Presidential debate offers learning ground for students of urban affairs

In a few days, the University of Nevada, Las Vegas will be at the epicenter of one of the most anticipated debates of the 2016 election year. The final presidential debate, to be held October 19 at the Thomas & Mack Center, has been a rich source of learning, especially for students at Greenspun College of Urban Affairs.

Live from the media library

Gary Larson’s DAY 490 Broadcast Journalism students: Special Subjects, Debate and Election Coverage will report live from the Presidential Debate Media Center, in conjunction with major international news networks, for the student news program Studio G. Studio G is produced by Larson, an associate professor of journalism, and students from the Television Studios located at Greenspun College of Urban Affairs. Broadcast journalism students, faculty and staff will provide approximately 10 hours of live coverage during the week of the final presidential debate, including five hours on the day of the debate. The stories will also be reported in Spanish and will air during Studio G programming and on debate day.

A student social media team will be dedicated to sharing coverage and engaging viewers. The media team includes Larson, Jennifer Ream, Acting Director of UNLV-TV; Dan Grimes, UNLV-TV engineer; and students Megan Eisenhauer, Briona Haney, Idania Ramirez and Jennifer Hurtado.


Frank Mueller, professor of radio journalism and general manager of KUNV 91.5 FM radio, supervises 11 journalism students who cover various topics related to the presidential debate for KUNV radio. Two students, Audrey Crawford and Lauren Anderson, will report live from the presidential debate media center on the day of the debate.

The presidential debate also inspired UNLV’s first podcast. Mueller students worked with Katy Griffin, social media strategist for UNLV’s Office of Academic Communications, to create the UNLV: diverse, bold and different this fall to highlight the recent transformations of the UNLV. It is facilitated by four students with contributions from a dozen others. Follow on iTunes, Google Play or your favorite podcast subscription service.

Reporting and storytelling

Of the roughly 60 journalism students involved in covering the debate, about 30 are in broadcast classes and the other half reside in Gregory Borchard’s JOUR 310 Advanced Reporting class.

“The advanced reporting class will take advantage of the tremendous opportunity we have to gain journalistic experience through coverage of the final presidential debate,” said Borchard, a journalism professor. “In addition to examining the content, style and mechanics of sound storytelling, students have already begun following campaigns in general and campus events in particular to provide a range of content on issues important to the world. beyond the UNLV campus alone.”

Engage in issues

Faculty, students and alumni of the Greenspun College of Urban Affairs have been participating in presidential debate activities since the beginning of the year. The College of Urban Affairs, UNLV Libraries, and the UNLV Presidential Debate Campus Engagement Committee presented the UNLV Presidential Debate Lecture Series featuring five prominent American scholars who study , teach, research and publish on various topics related to presidential debates. Scholars have also served as guest lecturers, interacting with undergraduate and graduate students in communication studies courses covering the history and criticism of televised presidential debates. Topics covered politeness in debates, using social media to view the event, why candidates are nervous about participating, and a look back at the debates between President Barrack Obama and Governor Mitt Romney.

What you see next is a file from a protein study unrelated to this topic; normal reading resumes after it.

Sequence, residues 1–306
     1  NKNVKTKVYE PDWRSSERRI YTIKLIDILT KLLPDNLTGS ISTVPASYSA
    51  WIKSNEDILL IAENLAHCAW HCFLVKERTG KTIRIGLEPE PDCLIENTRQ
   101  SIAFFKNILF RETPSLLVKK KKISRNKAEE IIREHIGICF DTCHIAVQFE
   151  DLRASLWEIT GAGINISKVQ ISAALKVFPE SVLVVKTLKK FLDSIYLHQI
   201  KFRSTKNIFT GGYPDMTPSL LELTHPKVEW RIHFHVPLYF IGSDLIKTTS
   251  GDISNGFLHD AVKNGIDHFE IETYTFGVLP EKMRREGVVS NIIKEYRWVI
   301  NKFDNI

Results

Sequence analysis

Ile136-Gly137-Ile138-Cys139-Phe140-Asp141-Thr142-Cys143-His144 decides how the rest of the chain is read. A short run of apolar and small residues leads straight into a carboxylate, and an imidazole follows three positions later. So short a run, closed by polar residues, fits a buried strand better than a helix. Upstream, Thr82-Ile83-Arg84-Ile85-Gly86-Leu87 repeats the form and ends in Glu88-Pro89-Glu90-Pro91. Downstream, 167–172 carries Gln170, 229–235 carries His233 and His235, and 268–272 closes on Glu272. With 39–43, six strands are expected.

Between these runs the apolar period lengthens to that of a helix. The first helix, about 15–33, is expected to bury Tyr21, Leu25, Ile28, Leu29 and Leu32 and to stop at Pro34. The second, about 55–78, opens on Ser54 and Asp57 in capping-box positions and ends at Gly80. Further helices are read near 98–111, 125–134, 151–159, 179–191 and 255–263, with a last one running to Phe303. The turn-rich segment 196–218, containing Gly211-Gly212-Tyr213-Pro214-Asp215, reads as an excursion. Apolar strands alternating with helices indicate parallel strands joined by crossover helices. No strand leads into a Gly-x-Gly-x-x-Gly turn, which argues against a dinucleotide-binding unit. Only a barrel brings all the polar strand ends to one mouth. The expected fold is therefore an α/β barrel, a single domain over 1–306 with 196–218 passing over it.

The lectures were recorded by UNLV Television and are available on the UNLV Libraries Digital Scholarship institutional repository and on the website Urban Affairs’ Youtube.

Other college activities included:

  • UNLV’s award-winning debate team hosted two premier presidential debate watch events and panel discussions for students, faculty, staff, and the Southern Nevada community. The Democratic Primary Debate Monitor event was held on February 11 and the Republican Primary Debate Monitor event was held on March 10, with a panel of UNLV and community experts providing post analysis. -debate at each event.
  • Several students from each of Greenspun’s urban affairs university programs have been invited to attend MSNBC’s live town hall discussion with the Democratic candidates on February 18. Tianna Winters, now a graduate of the Hank Greenspun School of Journalism & Media Studies, was selected to ask former Secretary of State Hillary Clinton a question directly.
  • The students also worked for MSNBC in the production of the Town Hall Forum and behind the scenes coverage of the Nevada Caucuses Network.
  • Jacob Thompson, director of the UNLV debate team, delivered the opening speech why presidential debates are essential to the democratic process on UNLV’s welcome day for new students on August 26.
  • The UNLV Debate Team hosted a watch event on September 26 for Clark County School District Debate Team students and their coaches. Nearly 250 people attended the event. Michael Eisenstadt, a former communications student and former assistant coach for the UNLV debate team, will return to campus as a panelist for the second presidential debate watch event on October 9.

Follow: Watch live coverage of journalism students on KUNV TVFollow on Twitter @UNLVTVor tune in Radio KUNV. And join the conversation using the hashtags: #UNLVPresDebate and #UNLVegasdebate2016.

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